The second chapter takes place in Justice League #69, by Dan Jurgens and Brett Breeding. It consists of two storylines running in parallel. The first is a television appearance by Superman. The second is the Justice League having their asses handed to them by Doomsday. And we meet Mitch, who will, unfortunately, be plot relevant later.

I want to take a quick second and talk about Bloodwynd. This guy:

Apparently, he’s the Martian Manhunter? Or, at this point in continuity, the Martian Manhunter is being forced by the mystical Blood Gem to impersonate Bloodwynd. And apparently the first clue to his identity is in this issue, where he shies away from fire. But man, is there a lot of people wondering “Just who is this Bloodwynd?” in these comics. Possibly more characters wondering than fans wondering.

Also, his powers include a total rip-off of Ghost Rider’s penance stare. And thus this storyline contains two Nic Cage connections.

The issue ends with Superman, who’s spent a lot of his interview denying that he’s the most important member of the Justice League, showing up and being the most important member of the Justice League.

From here out, it’s pretty much a straight slugfest. Adventures of Superman #497 features a literal turning point, when Superman has a chance to finish Doomsday off, but instead turns back to save a young Jay from Clerks.

He is totally Ben Garant in that CNN video, talking about how lame Superman is and how cool Guy Gardner is, until he needs some saving, and then it’s:

Superman saves Mitch, and his family, then leaps back in. Superman and Doomsday proceed to just knock the crap out of each other all the way to and through Metropolis. As the action gets more intense, the panel numbers per page start to decrease, from four in Adventures of Superman #497:

to three in Action #684:

to two in Man of Steel #19:

Until we arrive at Superman #75, an issue consisting entirely of splash pages.

Leading up to:

And finally, a pair of two page spreads:

As it was originally printed, this was a gatefold page, so the reader saw Superman’s last words, then folded the page out to reveal a panoramic of the two shots, including his sprawled body, grieving Lois, Doomsday’s corpse, and mourning onlookers, all in one shot. Trade paperbacks and omnibus editions opt to print the pages as above, separate, and this trifold panel has been pretty much lost, even though it’s the way readers would have initially experienced the death of Superman.And that was it. Four issues of fighting, and the Man of Steel was dead. There were people who were not happy. Fans wanted an ending more like the imaginary one Alan Moore had given them, where Superman was brought down by a perfect storm of his enemies. They wanted an ending that grew out of fifty years of Superman stories, rather than showed up a month beforehand.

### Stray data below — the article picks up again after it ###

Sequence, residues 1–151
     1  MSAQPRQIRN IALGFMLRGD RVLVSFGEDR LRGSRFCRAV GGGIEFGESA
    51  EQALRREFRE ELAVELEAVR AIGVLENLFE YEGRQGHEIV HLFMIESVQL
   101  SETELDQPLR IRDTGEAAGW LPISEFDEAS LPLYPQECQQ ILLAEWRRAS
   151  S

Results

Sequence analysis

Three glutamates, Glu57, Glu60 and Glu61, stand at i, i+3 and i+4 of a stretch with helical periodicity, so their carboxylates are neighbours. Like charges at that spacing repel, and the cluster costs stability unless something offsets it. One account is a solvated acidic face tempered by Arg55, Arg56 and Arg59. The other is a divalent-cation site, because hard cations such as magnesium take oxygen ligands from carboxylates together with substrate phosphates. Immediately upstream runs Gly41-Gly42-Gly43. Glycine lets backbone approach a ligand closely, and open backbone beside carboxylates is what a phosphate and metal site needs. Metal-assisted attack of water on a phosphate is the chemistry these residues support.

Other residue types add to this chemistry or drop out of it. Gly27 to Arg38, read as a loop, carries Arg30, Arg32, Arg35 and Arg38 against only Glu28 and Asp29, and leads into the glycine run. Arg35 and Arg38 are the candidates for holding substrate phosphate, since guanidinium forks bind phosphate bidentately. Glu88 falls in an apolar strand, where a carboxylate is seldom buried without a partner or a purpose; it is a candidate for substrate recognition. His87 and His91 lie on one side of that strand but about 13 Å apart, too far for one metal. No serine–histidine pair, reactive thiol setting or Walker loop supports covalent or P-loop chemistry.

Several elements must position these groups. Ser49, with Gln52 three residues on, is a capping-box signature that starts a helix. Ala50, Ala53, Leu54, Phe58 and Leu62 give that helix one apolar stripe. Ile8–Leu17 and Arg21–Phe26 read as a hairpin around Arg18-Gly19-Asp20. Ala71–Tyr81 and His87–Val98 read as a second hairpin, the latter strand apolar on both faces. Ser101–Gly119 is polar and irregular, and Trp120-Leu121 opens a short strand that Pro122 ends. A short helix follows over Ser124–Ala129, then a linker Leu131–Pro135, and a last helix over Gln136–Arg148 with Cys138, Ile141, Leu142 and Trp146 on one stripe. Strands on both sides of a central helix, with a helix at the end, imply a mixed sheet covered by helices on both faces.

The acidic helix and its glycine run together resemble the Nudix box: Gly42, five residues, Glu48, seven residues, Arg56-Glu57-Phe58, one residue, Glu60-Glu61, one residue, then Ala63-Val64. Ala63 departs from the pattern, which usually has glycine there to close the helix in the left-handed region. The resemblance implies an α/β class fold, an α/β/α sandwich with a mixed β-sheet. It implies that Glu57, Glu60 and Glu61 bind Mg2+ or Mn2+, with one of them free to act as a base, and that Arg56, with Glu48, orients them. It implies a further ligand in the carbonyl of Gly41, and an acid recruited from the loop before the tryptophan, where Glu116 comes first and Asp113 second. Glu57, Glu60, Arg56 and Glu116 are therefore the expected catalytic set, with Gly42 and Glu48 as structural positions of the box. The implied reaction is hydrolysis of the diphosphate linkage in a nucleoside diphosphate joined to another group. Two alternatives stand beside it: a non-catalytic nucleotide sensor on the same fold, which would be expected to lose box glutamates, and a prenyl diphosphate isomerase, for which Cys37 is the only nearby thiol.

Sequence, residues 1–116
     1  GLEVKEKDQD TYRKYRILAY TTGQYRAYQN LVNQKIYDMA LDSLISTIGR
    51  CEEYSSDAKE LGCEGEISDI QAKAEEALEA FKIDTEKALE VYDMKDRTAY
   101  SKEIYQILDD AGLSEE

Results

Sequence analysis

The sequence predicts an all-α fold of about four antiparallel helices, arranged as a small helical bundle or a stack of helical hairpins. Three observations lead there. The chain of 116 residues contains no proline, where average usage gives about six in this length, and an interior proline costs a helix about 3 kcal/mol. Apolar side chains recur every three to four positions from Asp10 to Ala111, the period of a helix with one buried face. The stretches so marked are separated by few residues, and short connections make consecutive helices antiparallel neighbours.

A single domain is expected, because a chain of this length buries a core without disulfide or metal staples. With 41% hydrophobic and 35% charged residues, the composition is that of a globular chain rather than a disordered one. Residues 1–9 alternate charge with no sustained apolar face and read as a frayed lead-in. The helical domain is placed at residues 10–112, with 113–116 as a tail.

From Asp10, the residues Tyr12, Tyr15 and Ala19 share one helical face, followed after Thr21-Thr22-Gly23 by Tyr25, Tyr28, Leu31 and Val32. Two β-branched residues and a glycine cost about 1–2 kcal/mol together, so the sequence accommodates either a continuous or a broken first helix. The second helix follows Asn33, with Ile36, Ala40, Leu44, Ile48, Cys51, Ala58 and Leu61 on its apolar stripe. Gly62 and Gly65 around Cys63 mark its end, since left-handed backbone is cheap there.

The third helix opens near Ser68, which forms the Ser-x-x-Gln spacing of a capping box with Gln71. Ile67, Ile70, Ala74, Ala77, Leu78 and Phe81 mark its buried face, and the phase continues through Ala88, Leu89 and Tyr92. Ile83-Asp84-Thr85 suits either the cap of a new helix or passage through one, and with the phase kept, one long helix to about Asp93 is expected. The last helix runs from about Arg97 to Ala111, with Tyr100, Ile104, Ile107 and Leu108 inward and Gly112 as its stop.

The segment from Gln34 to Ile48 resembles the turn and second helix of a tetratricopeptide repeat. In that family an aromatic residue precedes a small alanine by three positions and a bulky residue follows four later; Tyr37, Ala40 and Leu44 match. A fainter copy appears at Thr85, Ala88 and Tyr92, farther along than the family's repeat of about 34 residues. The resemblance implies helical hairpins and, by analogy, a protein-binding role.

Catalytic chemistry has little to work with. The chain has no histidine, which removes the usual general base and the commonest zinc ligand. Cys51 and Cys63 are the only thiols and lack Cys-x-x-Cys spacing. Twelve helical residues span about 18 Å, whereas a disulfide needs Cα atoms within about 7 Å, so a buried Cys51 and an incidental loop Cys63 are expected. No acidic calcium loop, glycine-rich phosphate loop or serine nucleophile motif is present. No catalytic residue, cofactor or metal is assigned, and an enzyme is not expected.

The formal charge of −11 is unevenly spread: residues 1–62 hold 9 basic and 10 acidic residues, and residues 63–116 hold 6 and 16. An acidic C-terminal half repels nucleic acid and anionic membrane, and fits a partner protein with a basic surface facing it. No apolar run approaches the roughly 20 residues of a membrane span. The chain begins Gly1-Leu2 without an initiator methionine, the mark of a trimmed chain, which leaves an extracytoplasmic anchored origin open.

The same outcry would arise around a similar Batman story, where a character named Bane shows up out of nowhere and breaks Batman’s back. Batman writers, having watched what their colleagues went through, had the sense to bring Batman’s rogues gallery in on the action, with Batman running a gauntlet before he arrives at his final fate. Knightfall, a sort of sister-storyline to the Death of Superman, runs three or four times as long as the Death of Superman, measuring from the first appearance of the villain to the hero’s defeat. Of course, that may have just been cashing in.

But let’s talk about why it works. It works because, in the end, there’d be something cheap about the death of a major character at the hands of a villain they’ve been battling for years. We think we want this. We want Moriarty to be the one to kill Sherlock Holmes. We want the Master to off the Doctor. But neither of those examples quite map on to the way comics work. The death of Moriarty and Holmes works because it’s an actual ending for both. There doesn’t have to be another Moriarty story or another Holmes story. And yes, I understand that there are more stories for both of them. I’m talking original intent, so hush a minute. As for the Master and the Doctor, they’ve got resurrection built into the narrative system. There’s no trickery involved in how they’re going to survive or come back. It makes a sort of narrative sense for the Master to always be the one to kill the Doctor, because they can both come back.

This is not to say death in comic books is permanent. But it is understood as death. The character actually goes away for a bit, and the writers find a clever way to bring them back. Death of/Return of is standard billing in modern comics. But the death has to be real, and has to have some level of meaning. So to have, let’s say, Braniac be the one to finally kill Superman is different from having Moriarty kill Holmes, in that it is not final, and different from having the Master kill the Doctor in that it is an actual death, rather than simply forcing a change.